The clinical records were examined for evidence of symptoms which were reported immediately subsequent to an acoustic incident. Symptoms varied in their severity, number and recovery rate and included physiological, psychophysiological and psychological symptoms. The mean number of symptoms per shock was 2.7 but some individuals reported as many as seven or eight different symptoms. The severity of symptoms also varied between individuals and within individuals.

Of the total number of symptoms reported, pain was the most common (81%), followed by tinnitus (50%), loss of balance (48%) and hypersensitivity to sound (38%) as shown in Table 1. Hearing loss was recorded in 19 (18%) of cases but there were no statistically significant differences between the exposed and non-exposed ears except at 1.5kHz. Statistical analysis did not permit any conclusions. In those cases in which hearing impairment was recorded, hearing levels ranged from 20 dB Hearing Threshold Level (HTL) average to 55 dB HTL average. In some cases recovery was noted over time. There were 3 cases of provisionally diagnosed perilymph fistulae.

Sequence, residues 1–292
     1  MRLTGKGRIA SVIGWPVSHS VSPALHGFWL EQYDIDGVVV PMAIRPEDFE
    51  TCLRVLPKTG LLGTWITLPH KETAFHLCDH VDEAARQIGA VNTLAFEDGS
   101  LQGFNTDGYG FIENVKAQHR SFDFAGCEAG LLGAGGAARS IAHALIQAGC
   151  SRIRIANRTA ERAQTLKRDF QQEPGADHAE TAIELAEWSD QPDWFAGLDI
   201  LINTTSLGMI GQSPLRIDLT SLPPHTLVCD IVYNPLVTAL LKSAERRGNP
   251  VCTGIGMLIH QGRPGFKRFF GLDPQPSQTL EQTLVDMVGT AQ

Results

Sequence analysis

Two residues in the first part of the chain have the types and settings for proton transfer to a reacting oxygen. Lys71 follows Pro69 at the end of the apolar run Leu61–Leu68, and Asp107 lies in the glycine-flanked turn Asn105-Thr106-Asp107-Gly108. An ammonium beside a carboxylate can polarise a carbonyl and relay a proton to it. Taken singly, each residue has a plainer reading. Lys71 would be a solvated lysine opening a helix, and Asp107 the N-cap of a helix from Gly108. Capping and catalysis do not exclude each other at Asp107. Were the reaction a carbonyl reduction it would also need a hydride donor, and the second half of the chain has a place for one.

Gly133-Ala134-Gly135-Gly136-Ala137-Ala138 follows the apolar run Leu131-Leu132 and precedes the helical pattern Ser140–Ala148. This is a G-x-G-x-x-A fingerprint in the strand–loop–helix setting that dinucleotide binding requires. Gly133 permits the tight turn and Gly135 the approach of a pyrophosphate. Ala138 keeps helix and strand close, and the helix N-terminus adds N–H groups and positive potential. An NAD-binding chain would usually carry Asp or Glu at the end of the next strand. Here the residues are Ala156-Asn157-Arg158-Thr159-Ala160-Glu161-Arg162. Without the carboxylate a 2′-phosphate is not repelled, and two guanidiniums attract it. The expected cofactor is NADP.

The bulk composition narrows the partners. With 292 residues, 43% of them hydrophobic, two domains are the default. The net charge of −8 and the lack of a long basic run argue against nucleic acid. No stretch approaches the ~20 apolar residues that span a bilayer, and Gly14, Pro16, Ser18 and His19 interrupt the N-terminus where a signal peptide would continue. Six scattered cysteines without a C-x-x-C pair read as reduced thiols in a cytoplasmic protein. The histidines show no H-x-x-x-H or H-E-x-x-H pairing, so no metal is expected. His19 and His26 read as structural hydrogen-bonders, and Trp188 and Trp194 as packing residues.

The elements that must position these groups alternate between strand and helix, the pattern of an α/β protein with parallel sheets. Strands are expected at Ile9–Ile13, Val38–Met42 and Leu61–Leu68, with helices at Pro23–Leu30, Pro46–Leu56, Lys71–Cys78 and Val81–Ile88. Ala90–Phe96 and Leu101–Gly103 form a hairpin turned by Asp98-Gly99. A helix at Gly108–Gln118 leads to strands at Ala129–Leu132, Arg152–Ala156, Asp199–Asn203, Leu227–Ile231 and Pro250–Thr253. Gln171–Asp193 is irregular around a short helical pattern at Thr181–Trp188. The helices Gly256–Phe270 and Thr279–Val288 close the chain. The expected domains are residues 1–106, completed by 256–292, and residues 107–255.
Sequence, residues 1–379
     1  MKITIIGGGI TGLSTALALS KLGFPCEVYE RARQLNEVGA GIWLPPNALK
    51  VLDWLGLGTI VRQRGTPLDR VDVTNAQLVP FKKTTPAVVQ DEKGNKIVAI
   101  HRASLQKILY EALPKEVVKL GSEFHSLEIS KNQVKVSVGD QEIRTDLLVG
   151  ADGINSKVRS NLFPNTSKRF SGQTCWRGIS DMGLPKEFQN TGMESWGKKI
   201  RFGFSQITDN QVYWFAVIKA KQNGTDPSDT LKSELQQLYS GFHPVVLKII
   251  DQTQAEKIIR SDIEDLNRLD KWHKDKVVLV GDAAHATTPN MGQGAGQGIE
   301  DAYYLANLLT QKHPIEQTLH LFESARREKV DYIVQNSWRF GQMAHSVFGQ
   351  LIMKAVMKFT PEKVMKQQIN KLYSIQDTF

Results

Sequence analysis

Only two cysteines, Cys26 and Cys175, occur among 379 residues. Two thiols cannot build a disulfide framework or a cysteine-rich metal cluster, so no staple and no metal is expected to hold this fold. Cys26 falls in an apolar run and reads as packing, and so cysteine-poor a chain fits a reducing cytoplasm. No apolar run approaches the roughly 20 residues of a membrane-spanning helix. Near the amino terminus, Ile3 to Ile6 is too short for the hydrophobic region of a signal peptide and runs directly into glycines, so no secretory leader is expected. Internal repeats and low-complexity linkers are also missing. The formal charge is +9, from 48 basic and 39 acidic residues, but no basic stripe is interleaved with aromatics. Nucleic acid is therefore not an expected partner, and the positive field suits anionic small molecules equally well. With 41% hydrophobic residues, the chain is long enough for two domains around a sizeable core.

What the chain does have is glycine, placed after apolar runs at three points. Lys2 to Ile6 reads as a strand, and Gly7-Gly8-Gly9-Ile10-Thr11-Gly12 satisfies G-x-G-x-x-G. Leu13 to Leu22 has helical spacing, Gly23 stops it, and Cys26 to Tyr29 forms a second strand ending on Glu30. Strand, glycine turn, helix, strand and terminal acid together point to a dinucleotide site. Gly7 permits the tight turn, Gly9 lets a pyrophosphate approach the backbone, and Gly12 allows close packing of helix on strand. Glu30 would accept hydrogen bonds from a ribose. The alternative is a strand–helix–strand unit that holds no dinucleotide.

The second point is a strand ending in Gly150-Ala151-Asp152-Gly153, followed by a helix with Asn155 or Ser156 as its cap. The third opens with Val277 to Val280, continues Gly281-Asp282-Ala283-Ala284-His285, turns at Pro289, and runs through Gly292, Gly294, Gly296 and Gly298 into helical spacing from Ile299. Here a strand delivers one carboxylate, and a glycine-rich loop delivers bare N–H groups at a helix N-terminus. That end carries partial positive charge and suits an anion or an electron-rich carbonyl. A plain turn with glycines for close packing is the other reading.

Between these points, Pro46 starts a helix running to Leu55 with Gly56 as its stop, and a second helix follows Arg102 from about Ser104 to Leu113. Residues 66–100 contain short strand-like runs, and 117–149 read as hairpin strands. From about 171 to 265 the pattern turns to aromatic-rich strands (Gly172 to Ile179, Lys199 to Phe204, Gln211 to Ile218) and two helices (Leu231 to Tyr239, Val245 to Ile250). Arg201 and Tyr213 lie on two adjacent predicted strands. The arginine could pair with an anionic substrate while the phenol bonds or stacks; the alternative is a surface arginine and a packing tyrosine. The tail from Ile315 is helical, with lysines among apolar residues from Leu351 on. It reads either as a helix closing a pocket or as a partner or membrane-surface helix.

As Table 2 indicates, headaches and physical sensations of numbness, a burning feeling in the ear or face, tingling, a warm or hot ear or face, a feeling of pressure or fullness in the ear, and an echo or hollow feeling in the ear were frequently reported. In cases of moderate to severe acoustic shocks, operators typically described the acoustic incident as "like being hit over the head" or "stabbed in the ear." Some operators became tearful, began to shake, and several hours after the trauma, developed fatigue and slept for an unusually lengthy period.

In a significant number of cases, pain and unusual sensations consistently recurred when the individual experienced any moderately loud sound, similar in pitch to the acoustic incident itself. Psychological symptoms included anxiety and depression, anger, feelings of vulnerability, and persistent hypervigilance. The data also showed that individuals who had experienced more than one acoustic shock were more likely to have most severe symptoms and a longer recovery time.